Boy, all week I’ve been feeling really great. Just that all-round, happy-to-be-alive feeling. I spent a few minutes yesterday thinking about why this is, and came up with 2 major reasons (plus, a 3rd, tangential reason, which I will cover, appropriately enough, in a tangent.)
First, I think I’m still on kind of a high after the High Uintas Classic. After a day that miserable, that cold, that dismal, simply being warm and wearing dry clothes is just a huge pleasure. I guess I just feel normal, but after Saturday, “normal = “great”.
Second, Summer has finally arrived. Sunday was our last stormy day; so far this week had been perfect. Just walking across the office parking lot in the morning feels delightful, and the rides I’ve done this week have been some of the most pleasant all year.
Tangent: Of course, Summer really did arrive- astronomically- this past weekend. Earlier this week I took a couple of photos that’ll be fun to look at again come December. First is the sunrise from my driveway (which faces almost due North. In Winter my driveway practically never melts out.) on June 23. Second is my shadow @sunrise on the North-facing garage door. Sunlight from the North- that never ceases to freak me out! And third is sunset seen from Donner Park over Antelope island, at an astounding azimuth of 59 degrees, placing it just South of Frary Peak on Antelope Island.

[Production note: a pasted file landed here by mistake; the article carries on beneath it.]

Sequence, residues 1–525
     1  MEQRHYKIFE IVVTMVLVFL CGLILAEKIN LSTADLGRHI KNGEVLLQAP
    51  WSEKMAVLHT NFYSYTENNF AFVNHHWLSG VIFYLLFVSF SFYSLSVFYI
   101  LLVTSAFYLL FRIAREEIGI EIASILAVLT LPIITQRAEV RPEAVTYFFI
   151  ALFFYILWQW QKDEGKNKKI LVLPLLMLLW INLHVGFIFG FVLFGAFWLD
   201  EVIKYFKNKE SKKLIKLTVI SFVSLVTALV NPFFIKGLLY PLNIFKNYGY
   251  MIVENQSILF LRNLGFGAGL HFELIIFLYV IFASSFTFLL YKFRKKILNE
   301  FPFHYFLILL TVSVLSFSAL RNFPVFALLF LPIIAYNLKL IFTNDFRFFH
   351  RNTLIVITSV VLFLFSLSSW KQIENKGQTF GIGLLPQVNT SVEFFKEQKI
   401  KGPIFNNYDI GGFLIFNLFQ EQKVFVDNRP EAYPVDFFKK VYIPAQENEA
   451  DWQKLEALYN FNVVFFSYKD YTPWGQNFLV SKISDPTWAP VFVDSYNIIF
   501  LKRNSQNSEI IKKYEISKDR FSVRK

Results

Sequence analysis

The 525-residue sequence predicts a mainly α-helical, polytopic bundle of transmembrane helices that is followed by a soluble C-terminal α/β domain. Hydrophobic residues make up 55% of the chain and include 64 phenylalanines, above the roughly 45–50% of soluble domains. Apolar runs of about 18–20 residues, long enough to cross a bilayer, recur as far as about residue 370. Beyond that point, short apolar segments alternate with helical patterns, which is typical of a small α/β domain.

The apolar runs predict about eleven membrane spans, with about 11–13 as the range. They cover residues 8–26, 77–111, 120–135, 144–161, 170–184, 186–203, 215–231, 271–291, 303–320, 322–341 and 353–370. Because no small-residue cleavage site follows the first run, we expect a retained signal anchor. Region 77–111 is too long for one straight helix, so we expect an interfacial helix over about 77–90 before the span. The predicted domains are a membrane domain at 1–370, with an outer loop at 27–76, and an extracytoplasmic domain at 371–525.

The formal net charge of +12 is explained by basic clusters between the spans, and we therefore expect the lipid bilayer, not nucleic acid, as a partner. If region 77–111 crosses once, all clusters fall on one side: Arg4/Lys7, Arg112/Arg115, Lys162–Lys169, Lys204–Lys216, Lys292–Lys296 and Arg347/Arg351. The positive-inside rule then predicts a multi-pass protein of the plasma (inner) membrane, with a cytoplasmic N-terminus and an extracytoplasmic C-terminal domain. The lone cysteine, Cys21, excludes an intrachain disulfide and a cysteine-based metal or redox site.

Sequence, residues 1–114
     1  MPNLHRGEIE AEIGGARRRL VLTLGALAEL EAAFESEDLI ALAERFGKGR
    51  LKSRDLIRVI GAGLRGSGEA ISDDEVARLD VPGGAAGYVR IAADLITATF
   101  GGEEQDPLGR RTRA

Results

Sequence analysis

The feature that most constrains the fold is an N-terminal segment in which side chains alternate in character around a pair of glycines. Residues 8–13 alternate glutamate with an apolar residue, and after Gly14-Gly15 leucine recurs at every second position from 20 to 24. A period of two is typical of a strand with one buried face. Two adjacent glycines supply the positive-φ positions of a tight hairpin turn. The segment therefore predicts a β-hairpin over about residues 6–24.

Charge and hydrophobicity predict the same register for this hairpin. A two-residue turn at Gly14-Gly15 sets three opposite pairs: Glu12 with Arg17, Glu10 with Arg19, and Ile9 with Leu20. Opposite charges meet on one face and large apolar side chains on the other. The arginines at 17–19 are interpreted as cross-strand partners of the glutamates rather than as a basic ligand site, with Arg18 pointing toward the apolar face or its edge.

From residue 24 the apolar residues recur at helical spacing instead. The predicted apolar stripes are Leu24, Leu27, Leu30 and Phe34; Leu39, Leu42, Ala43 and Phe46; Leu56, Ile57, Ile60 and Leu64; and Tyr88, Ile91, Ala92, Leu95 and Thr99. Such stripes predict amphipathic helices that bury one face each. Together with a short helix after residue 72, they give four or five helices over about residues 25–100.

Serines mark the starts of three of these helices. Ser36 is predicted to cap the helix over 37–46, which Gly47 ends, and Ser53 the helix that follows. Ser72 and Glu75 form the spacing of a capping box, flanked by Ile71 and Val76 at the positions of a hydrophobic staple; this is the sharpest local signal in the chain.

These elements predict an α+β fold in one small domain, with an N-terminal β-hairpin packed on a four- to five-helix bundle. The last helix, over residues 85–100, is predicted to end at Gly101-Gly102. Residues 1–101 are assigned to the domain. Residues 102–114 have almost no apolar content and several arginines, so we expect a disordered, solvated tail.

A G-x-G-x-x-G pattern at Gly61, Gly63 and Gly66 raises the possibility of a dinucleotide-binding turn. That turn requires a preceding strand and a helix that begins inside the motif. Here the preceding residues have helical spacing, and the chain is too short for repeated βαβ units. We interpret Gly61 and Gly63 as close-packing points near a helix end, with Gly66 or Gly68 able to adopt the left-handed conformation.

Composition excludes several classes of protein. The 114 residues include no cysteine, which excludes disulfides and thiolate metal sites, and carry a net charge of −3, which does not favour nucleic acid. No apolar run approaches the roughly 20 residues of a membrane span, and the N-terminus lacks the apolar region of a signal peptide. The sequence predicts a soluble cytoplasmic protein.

Nested Tangent: I had to spin up to Donner Park for the shot because you can’t see the sunset from our house. Yes, despite living up on the East Bench, our house is one of probably <a dozen in the Salt Lake Valley that Has No View. Which is embarrassing, because in Salt Lake, every house has a view. Seriously, there are trailer parks out in West Valley that have astounding, national-park-class views, but in our hoyty-toyty East Bench ‘hood, the best I can see from the back yard is a piece of scrubby Perkins Peak.
Anyway, I’ve been feeling great all week.
Tangent: OK, here’s the 3rd reason I think I’m feeling great- I bought a new pair of shoes for work, and they’re pretty much the Most Comfortable Shoes Ever. Don’t laugh- when you reach middle age, it’s the little things that matter, and I am telling you, every step in these babies is a cushiony little podia-gasm. And check out the cool Euro-styling- these are some fine-looking shoes!
Nested Tangent: Yes, yes, I know, I have really big feet. (You know what they say* about guys with big feet…) But really they’re not all that big for a guy my size. My size is 11 ½, and I’m 6’2”. My neighbor, Hunky Chris, is 6’4”, and is only size 10. I’m always like, “Dude, how do you keep from falling over all the time on those tiny feet?”
*Big shoes. Big socks.
Yesterday the day was so nice that I took a long lunch and did a combo road/mtn ride up past the Mill Creek Canyon gate.
Side Note: It is like a law of physics that you take a long lunch out of cell range, your boss will choose that time to try to call you repeatedly. Why is that? My boss is in another state, calls me maybe once every 2 to 3 days. But the moment I get out of cell range, suddenly there’s some time-critical-work-emergency that requires my immediate attention…
I love Mill Creek Canyon. Across the Intermountain West of course, mountain canyons are so often wonderful micro-climates, each one its own little botanical garden, full of cool air, running water and green growing things. But here in Northern Utah, Mill Creek is possibly my favorite, for reasons I’ll come to a moment. But first, let’s talk about the gate.